ONE of the staples of modern political life is the cringe-worthy attempt of some Republican politician to appeal to black and/or Hispanic voters. Republicans would like to appeal to blacks and Hispanics but they don't know where to start.
The other side of the coin is the cringe-worthy attempt by the Democratic Party to appeal to the white working class, particularly the male white working class. That's what What's the Matter with Kansas was all about. How could the white working class vote for the dastardly country-club Republicans when everybody knows that the folks that really care about the white working class live in the Democratic Party. Here's liberal loyalist Doyle McManus at the LA Times faithfully reporting on the latest Democratic efforts to recapture the white working class.
Democrats were once the party of the white working man — but that was a long time ago.And it got worse in 2014. Apparently, "some white noncollege voters have come to view Democrats as a party that cares about women and minorities more than it cares about them." No kidding!
In the 2012 presidential election, Barack Obama won only one-third of the votes of white working-class men, a modern-day low. Mitt Romney, who didn't seem much like a blue-collar guy, swept the votes of those working stiffs by a huge margin.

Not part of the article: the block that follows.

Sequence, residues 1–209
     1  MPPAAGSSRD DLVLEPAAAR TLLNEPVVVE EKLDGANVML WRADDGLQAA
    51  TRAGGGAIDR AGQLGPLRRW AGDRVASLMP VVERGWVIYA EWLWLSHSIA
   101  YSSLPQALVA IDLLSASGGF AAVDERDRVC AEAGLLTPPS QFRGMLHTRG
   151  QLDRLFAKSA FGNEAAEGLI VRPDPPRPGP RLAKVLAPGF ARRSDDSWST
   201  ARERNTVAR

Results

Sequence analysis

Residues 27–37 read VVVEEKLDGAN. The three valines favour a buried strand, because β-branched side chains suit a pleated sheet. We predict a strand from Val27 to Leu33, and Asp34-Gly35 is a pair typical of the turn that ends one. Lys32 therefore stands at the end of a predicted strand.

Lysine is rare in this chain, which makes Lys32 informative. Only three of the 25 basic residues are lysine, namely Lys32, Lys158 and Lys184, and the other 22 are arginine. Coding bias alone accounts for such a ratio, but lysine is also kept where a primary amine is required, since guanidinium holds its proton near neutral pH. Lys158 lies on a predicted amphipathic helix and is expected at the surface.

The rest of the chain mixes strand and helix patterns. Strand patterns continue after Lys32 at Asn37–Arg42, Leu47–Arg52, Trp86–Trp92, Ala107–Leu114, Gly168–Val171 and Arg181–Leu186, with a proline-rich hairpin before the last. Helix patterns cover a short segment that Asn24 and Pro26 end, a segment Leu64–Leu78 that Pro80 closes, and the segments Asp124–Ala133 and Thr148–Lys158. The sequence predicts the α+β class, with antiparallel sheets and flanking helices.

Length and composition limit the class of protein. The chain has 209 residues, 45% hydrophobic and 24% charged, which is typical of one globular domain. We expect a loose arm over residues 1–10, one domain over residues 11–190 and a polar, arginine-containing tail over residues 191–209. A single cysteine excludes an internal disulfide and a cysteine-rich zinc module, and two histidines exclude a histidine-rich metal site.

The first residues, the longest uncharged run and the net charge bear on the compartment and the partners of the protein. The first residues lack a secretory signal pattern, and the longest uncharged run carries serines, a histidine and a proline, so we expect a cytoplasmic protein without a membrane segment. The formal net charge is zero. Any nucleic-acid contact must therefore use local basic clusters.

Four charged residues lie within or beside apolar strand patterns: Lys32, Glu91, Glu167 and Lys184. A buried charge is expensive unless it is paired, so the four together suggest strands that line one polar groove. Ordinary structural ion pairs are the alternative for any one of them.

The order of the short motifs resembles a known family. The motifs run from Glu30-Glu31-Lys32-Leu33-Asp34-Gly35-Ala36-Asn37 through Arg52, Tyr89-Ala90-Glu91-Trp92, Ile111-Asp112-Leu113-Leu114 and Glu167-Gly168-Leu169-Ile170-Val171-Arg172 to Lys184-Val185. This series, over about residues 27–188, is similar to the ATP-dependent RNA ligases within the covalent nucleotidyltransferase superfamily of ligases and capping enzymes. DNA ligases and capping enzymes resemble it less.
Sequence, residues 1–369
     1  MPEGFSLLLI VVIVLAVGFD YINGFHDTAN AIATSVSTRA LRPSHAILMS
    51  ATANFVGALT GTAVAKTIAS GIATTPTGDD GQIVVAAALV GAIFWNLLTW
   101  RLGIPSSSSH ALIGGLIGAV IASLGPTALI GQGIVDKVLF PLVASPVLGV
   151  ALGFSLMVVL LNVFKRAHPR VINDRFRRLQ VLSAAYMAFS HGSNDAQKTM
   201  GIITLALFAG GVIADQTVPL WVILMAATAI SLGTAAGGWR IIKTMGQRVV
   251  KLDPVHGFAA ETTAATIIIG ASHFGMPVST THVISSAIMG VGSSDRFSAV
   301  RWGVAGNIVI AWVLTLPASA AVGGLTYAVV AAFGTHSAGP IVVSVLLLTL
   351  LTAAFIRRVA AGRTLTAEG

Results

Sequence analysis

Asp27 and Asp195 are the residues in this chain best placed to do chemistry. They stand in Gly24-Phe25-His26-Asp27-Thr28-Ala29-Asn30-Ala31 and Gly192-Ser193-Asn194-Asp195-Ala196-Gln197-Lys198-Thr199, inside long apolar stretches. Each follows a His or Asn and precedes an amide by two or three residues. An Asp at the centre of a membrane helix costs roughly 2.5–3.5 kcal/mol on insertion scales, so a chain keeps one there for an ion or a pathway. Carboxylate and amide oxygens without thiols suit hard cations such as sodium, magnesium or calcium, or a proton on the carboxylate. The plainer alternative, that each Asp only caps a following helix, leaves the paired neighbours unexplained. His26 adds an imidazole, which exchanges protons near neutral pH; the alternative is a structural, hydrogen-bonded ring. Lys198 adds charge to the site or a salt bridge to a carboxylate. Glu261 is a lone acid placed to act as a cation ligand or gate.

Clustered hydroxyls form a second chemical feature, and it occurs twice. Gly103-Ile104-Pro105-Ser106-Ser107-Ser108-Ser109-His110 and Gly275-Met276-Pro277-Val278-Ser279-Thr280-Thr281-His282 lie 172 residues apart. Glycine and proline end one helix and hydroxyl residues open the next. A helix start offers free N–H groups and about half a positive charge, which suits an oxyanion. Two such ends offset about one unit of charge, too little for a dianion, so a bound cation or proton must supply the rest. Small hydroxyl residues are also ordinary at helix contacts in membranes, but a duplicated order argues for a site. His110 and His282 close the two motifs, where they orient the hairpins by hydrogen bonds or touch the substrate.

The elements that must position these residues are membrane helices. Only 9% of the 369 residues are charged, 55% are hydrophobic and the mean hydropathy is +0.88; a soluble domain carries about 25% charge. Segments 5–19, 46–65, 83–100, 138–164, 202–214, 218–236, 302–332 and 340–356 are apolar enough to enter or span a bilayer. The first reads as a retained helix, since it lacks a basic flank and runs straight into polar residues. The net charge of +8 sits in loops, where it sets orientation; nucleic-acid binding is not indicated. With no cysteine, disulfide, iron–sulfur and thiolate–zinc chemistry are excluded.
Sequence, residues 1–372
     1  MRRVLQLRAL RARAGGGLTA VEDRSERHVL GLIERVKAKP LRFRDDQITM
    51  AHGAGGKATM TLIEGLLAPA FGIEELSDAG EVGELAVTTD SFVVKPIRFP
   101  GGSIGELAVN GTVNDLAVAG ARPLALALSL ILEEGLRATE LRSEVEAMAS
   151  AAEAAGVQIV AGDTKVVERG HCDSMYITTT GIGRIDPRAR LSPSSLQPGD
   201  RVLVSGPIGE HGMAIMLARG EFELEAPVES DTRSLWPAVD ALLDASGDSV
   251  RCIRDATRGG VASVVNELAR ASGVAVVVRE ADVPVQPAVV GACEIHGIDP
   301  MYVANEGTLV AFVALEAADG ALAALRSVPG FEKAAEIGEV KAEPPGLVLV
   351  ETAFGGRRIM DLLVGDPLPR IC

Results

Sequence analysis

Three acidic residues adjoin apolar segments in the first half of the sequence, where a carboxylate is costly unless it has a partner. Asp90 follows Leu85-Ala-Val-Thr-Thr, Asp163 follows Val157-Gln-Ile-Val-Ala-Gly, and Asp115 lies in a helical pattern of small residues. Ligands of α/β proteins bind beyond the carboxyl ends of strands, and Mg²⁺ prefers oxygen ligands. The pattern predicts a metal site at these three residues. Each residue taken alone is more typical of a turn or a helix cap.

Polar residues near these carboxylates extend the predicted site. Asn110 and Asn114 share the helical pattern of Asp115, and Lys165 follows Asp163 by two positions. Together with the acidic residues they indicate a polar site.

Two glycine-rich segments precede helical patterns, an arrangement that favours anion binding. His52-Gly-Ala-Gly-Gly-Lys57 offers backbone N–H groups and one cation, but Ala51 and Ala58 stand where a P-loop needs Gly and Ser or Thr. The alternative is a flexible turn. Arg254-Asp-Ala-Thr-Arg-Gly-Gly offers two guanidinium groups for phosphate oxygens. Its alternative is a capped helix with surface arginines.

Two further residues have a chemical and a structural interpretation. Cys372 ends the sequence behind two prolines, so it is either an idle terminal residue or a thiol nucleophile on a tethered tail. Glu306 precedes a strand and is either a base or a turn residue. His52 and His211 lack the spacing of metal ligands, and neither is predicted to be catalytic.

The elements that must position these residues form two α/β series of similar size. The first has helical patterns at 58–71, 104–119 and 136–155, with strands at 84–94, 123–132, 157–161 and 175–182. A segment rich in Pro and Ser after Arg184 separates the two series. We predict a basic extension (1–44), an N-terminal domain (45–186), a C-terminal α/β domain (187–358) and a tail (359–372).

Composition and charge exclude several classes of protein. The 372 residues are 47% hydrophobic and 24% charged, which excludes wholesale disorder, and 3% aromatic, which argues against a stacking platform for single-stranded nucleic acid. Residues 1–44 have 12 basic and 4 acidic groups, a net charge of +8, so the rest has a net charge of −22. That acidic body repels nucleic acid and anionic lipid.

IF there is one thing that's obvious about Hillary Clinton's campaign for President of the United States and her recent trip to Iowa it is that it is old and tired. It makes you think of a long-established corporation, headed by a CEO that's worked his way up, marketing yet another product. Or maybe a long established TV network pushing out a new sitcom on "Linear TV" in a world going Netflix. ...
EVERYONE who is anyone likes to pontificate about the divisions of the Republicans and their narrow demographics. Why, pretty soon only dead white males will be voting for Republicans! Of course, that's silly ruling-class groupthink, and mind-numbed robots believing their own talking points. The truth is that the Republican Party is not the party of the rich: billionaires like Gates and Buffett...
IF you haven't got that I have a real thing about "Government is force" then now is the time to get it. Many liberals don't get it, and I understand why. If you read The New York Times and listen to NPR you'd easily get the impression that government is a matter of nice librarians trying to help our kids. Ruling classes tend to do this sort of thing. They don't like to look at the dirtier side...
WE won't be posting to this blog any more.
Go to an American Manifesto instead.
JOHN Fund writes that George Soros and the Ford Foundation have spent about $196 million funding the "net neutrality" campaign. And the long-term goal is control of internet content -- and funding public news organizations.
And now they have got what they wanted, with the Federal Communications Commission decision to regulate the internet as a public utility.
The price of moving data across the Internet has been falling by about 30 percent per year, according to the Wall Street Journal edit page.